Appeal from the United States District Court for the District of Columbia (No. 1:93-cr-00365-RCL-1).
The opinion of the court was delivered by: Rogers, Circuit Judge
Before: ROGERS and GARLAND, Circuit Judges, and WILLIAMS, Senior Circuit Judge.
This is an appeal from the denial of a motion for the reduction of sentence under 18 U.S.C. § 3582(c)(2) in view of amendments to the U.S. Sentencing Guidelines ("U.S.S.G.") reducing the base level offense for offenses involving crack cocaine. We join the other circuits in holding that section 3582(c)(2), which refers to sentences "based on a guideline range subsequently lowered by the Sentencing Commission," applies only to a sentence that is determined by a guideline range. Because Cook was sentenced to the mandatory minimum in 21 U.S.C. § 841(b)(1)(A)(iii), his sentence was not based on a guideline range, and he is ineligible for relief under section 3582(c)(2). Accordingly, we affirm.
On October 7, 1993, Derrick Cook and Dwayne Short were indicted on one count of possession with intent to distribute fifty grams or more of a mixture and substance containing a detectable amount of cocaine base (also known as crack), in violation of 21 U.S.C. §§ 841(a)(1) and 841(b)(1)(A)(iii) and 18 U.S.C. § 2. The government filed an information regarding Cook's prior drug conviction, which made him eligible for enhanced mandatory penalties under 21 U.S.C. § 841(b)(1)(A)(iii). A jury convicted Cook of possession with intent to distribute a detectable amount of cocaine base but did not make any findings as to the quantity of drugs for which he was to be held accountable. The district court found as a matter of fact, by a preponderance of the evidence, that Cook had possessed 111 grams of cocaine base, making his guideline range under the 1994 Sentencing Guidelines 135 to 168 months.
The district court noted, however, that Congress had "superimposed mandatory minimums on top of the Guidelines." Sentencing Tr. 20, lines 24--25 (Jul. 5, 1994). Pursuant to U.S.S.G. § 5G1.1(b), which required imposition of the mandatory minimum sentence if it was greater than the guideline range, the district court sentenced Cook to the mandatory minimum sentence for repeat offenders of 240 months' imprisonment in section 841(b)(1)(A)(iii), and to a mandatory term of ten years' supervised release, see id.
Cook appealed his conviction, and this court affirmed. United States v. Cook, 70 F.3d 638 (D.C. Cir. 1985) (unpub. per curiam). In 1997, Cook moved to vacate, set aside, or correct the sentence pursuant to 28 U.S.C. § 2255, on the ground of ineffective assistance of trial counsel, which motion the district court denied, United States v. Cook, 130 F. Supp. 2d 43 (D.D.C. 2000); this court affirmed, United States v. Cook, 22 Fed. Appx. 3 (D.C. Cir. 2001). In 2003, Cook moved to reduce his sentence under 18 U.S.C. § 3582(c)(2) based on Amendment 645 to the Sentencing Guidelines, seeking credit for time served concurrently with the sentence imposed upon revocation of his probation for this conviction. The district court denied the motion, and Cook did not appeal.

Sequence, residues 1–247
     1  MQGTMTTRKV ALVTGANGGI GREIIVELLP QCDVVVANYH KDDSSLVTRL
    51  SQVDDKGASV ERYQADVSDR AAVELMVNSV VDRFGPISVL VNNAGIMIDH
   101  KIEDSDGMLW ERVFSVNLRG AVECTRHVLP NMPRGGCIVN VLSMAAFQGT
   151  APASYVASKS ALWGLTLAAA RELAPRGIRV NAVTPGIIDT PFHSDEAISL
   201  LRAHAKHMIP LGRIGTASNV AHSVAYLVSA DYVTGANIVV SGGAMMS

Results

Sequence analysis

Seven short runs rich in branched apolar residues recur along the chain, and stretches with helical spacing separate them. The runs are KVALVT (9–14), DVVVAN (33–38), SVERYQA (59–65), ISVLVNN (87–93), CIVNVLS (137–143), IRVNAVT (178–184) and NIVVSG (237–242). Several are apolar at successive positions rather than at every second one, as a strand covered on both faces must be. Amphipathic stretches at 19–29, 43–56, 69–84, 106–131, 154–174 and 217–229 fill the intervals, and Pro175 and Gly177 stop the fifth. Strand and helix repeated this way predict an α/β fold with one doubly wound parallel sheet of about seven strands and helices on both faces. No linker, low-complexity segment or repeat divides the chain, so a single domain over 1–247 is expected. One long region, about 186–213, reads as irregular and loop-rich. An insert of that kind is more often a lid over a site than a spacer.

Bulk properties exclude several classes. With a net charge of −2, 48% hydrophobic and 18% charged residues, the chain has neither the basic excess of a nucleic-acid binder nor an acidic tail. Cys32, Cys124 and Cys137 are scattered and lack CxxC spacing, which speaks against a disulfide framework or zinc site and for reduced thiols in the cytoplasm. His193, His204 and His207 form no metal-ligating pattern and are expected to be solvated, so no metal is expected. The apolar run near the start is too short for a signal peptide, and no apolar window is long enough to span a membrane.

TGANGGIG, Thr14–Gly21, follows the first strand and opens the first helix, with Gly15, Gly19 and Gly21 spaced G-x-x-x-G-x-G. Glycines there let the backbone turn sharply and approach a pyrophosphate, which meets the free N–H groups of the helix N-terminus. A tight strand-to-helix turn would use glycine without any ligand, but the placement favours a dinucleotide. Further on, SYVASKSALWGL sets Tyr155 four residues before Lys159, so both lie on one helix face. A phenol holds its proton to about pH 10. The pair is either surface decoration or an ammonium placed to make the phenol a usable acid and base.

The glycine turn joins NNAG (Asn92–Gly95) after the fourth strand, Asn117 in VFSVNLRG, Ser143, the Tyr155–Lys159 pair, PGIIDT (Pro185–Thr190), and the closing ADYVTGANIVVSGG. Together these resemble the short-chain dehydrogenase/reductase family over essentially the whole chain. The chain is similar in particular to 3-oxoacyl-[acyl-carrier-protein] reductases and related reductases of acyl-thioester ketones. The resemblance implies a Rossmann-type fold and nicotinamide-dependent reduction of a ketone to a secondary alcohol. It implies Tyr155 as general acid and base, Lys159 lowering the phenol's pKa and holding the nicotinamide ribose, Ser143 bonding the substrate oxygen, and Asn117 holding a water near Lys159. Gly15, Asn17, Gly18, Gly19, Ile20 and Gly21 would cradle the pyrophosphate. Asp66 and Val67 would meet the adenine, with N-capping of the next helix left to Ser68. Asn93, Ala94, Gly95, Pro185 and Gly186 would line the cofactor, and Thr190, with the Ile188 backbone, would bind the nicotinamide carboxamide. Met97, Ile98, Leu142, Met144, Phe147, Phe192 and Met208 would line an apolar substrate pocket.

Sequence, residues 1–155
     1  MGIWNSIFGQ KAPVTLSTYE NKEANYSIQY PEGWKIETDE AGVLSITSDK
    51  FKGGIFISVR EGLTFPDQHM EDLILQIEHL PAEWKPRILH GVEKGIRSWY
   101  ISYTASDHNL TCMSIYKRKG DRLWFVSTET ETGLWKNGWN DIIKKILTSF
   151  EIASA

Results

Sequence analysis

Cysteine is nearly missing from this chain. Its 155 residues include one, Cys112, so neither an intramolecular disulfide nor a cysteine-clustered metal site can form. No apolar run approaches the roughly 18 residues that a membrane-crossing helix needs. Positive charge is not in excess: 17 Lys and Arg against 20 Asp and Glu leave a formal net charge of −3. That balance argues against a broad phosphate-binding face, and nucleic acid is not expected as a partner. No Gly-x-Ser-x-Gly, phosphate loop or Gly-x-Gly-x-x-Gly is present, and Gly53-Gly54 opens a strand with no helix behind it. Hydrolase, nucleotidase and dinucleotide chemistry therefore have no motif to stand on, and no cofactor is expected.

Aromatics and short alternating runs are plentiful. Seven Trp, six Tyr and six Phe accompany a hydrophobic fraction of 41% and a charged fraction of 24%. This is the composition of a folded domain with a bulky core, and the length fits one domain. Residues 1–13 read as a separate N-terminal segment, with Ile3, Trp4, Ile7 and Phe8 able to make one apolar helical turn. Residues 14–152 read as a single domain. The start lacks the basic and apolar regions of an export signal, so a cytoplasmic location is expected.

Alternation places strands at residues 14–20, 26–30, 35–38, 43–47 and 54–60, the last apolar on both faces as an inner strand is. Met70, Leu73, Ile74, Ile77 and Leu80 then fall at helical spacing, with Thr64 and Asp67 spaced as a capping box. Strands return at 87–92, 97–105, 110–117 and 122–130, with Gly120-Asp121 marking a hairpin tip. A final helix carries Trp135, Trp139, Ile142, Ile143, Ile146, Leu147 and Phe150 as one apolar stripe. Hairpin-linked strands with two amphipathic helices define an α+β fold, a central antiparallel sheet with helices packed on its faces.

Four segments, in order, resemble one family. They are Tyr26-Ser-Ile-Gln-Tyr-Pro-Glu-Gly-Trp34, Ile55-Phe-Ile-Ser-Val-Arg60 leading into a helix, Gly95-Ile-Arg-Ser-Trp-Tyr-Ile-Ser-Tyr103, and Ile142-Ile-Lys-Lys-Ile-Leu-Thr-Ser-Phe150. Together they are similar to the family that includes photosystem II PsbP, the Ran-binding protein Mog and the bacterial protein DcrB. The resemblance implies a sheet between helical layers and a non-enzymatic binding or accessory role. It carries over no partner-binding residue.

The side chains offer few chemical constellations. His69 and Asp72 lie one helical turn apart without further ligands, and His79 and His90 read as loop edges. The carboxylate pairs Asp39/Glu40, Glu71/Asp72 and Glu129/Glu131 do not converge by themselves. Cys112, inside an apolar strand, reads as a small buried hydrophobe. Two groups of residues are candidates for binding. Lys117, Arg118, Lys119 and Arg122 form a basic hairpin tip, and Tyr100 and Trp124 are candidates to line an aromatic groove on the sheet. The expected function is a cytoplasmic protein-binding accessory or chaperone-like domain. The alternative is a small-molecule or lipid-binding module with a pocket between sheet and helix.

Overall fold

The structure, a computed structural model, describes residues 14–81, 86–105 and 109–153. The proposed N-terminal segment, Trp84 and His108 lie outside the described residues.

In August 2008, Cook moved to reduce his sentence under section 3582(c)(2) based on the Sentencing Commission's adoption of Amendments 706, 711 and 713, which together retroactively lowered the base level offense under U.S.S.G. § 2D1.1 by two points for offenses involving crack cocaine, see U.S.S.G. app. C, amendments 706 and 711 (Nov. 1, 2007); see id. amendment 713 (Mar. 3, 2008). He argued that in 1994 the district court had sentenced him to 240 months' imprisonment on the mistaken belief that he was subject to a statutory mandatory minimum sentence even though the jury had not found him guilty of possessing with intent to distribute more than 50 grams of crack cocaine. Applying the amendments, his guideline range would be 108--135 months. His projected release date was April 27, 2013. As of March 3, 2008, when the amendments took effect, he would have served more than fifteen years (180 months), well above the amended sentencing range. Cook therefore requested that his sentence be reduced to time served.
The district court denied the motion, ruling that it lacked authority to grant the relief Cook sought. Cook appeals. This court has jurisdiction to review the denial of a section 3852 motion under 28 U.S.C. § 1291, see United States v. Paulk, 569 F.3d 1094, 1095 (9th Cir. 2009); United States v. Mateo, 560 F.3d 152, 154 n.1 (3d Cir. 2009); and under 18 U.S.C. § 3742(a)(1), see United States v. Legree, 205 F.3d 724, 727 (4th Cir. 2000).
Section 3582(c)(2) provides:
[I]n the case of a defendant who has been sentenced to a term of imprisonment based on a sentencing range that has subsequently been lowered by the Sentencing Commission pursuant to 28 U.S.C. 994(o), upon motion of the defendant or the Director of the Bureau of Prisons, or on its own motion, the court may reduce the term of imprisonment, after considering the factors set forth in section 3553(a) [18 USCS § 3553(a)] to the extent that they are applicable, if such a reduction is consistent with applicable policy statements issued by the Sentencing Commission.
18 U.S.C. § 3582(c)(2) (emphasis added). Because the proper interpretation of a statute is a question of law, our review is de novo. United States v. Goodwin, 317 F.3d 293, 297 (D.C. Cir. 2003). We begin with the text of the statute, Hughes Aircraft Co. v. Jacobson, 525 U.S. 432, 438 (1999), giving words their ordinary and natural meaning, Leocal v. Ashcroft, 543 U.S. 1, 9 (2004), while recognizing that plain or not, the meaning of a word depends on ...